(r)evolution 12, encaustic, collage and oil on panel, 60×48, 2014
Written by Karen Crews Hendon, Curator
Tracey Adams’ new (r)evolution series is a collection of encaustic on panel works created from 2013-2014. Composed of organic shapes arranged on a linear matrix, Adams explores the intersection of pattern, color, and space.
With distinct rhythm, circular shapes in soft to bold hues appear in succession. Like colorful tabs that fade in and out, they create systematic yet gestural patterns.
Color inspires the mood of these compositions, like subtle timbres or overtones in music. The movement and energy felt in the work pulsate, depending on the unpredictable, yet calculated, intervals between them.
(r)evolution 4, encaustic, collage, and oil on panel, 36×36, 2014
(r)evolution 9, encaustic, collage, and oil on panel, 30×30, 2014
Adams’ passion for music composition, visual perception, and elements found in nature forms a theme at the core of her work. Begun in 2013, (r)evolution, implies a grander variation in which she has opened up and allowed herself a free-flowing perspective.
The artist has named some of her recent paintings Benthic Revolution, 1-8, tapping into the ocean as her primary muse. Her reference to the benthic zone, the lowest level or bottom layer of the ocean, positions the viewer first at the surface.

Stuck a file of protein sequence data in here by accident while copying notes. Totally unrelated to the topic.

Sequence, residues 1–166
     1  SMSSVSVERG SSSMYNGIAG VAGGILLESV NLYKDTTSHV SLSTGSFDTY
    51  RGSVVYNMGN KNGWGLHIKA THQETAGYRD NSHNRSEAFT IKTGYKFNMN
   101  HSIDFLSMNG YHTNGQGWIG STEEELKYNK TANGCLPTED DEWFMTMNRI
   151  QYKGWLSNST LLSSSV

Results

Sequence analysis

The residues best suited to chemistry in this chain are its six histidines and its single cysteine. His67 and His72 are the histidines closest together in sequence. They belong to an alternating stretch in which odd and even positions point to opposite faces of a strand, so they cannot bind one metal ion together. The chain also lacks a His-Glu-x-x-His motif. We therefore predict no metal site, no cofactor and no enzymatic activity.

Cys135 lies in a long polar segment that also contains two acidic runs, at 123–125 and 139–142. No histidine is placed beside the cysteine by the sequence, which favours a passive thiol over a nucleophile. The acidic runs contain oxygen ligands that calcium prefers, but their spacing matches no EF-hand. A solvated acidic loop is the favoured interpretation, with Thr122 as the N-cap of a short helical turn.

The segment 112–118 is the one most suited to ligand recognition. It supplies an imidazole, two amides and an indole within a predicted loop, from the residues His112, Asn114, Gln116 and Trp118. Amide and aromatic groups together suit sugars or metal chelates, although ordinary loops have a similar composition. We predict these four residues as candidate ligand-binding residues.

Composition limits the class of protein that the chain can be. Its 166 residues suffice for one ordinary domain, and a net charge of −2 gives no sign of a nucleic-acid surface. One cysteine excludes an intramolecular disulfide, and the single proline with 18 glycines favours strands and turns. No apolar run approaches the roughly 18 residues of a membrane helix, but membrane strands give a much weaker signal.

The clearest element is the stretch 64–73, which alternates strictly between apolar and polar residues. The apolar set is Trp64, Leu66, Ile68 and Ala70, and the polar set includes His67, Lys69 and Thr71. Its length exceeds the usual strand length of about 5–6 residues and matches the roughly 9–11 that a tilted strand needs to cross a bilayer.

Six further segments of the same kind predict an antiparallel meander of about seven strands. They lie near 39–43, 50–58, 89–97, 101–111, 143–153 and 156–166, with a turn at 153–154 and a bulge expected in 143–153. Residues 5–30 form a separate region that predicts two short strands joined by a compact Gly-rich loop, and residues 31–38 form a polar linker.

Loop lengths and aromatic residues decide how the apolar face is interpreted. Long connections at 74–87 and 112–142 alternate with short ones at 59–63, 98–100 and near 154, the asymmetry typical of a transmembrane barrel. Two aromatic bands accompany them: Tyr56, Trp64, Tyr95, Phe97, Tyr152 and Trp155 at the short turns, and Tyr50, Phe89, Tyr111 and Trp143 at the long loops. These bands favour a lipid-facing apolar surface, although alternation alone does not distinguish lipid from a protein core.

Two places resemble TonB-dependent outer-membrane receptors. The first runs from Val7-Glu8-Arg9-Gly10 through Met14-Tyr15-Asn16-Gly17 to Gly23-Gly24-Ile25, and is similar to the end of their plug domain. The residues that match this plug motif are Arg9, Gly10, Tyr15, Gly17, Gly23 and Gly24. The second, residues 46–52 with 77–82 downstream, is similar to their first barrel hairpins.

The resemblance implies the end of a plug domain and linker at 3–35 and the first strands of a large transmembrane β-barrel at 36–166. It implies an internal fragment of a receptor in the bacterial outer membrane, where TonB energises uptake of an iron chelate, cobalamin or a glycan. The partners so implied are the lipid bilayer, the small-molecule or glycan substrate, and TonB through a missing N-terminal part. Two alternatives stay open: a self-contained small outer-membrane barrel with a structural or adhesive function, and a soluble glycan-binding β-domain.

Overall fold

Benthic Revolution 2, encaustic and collage on Mitsumata, 40×26, 2014
Benthic Revolution 3, encaustic and collage on Mitsumata, 40×26, 2014
Benthic Revolution 8, encaustic and collage on Mitsumata, 32×21
Like peering into the ocean, a continuum of endless patterns, the chance of seeing the same image repeated is unlikely. Her work reveals the subtleties of many layers and dimensions that emerge and take shape, simulating the currents and color pools in nature.
For the past decade, Adams has integrated encaustic, oil, acrylic, graphite, ink, and collage, pushing the boundaries of these materials. In (r)evolution, Adams selected only pigmented beeswax and collage as her medium. This has allowed her to retain the purity she seeks while pursuing new variations.
The evolution of Tracey Adams’ work is cathartic. Comparable to the music of experimental composer John Cage, she is “purposefully playing” which is “an affirmation of life – not an attempt to bring order out of chaos nor to suggest improvements in creation, but simply a way of waking up to the very life we’re living.”
Tracey Adams in her studio
Pattern of Infinity
Winfield Gallery, Carmel, CA
July 15 – August 3
Bryant Street Gallery, Palo Alto, CA
July 15 – August 30
Music@Menlo Chamber Music Festival, Atherton, CA
July 18 – August 9
Tracey Adams: Patterns of Infinity
K. Imperial Fine Art, San Francisco, CA
July 15 – August 30
The Circle Game
Tucson Museum of Art, Tucson, AZ
February 22 – September 7
Hunterdon Art Museum, Clinton, NJ
May 18 – September 7
SHIFT: Five Decades of Contemporary California Painting
Monterey Museum of Art, Monterey CA
May 1 – September 22
Artist Talk with Cathy Kimball, Executive Director, San Jose Institute of Contemporary Art
SHIFT: Five Decades of Contemporary California Painting
Artist Talk with Karen Crews Hendon, Chief Curator, Monterey Museum of Art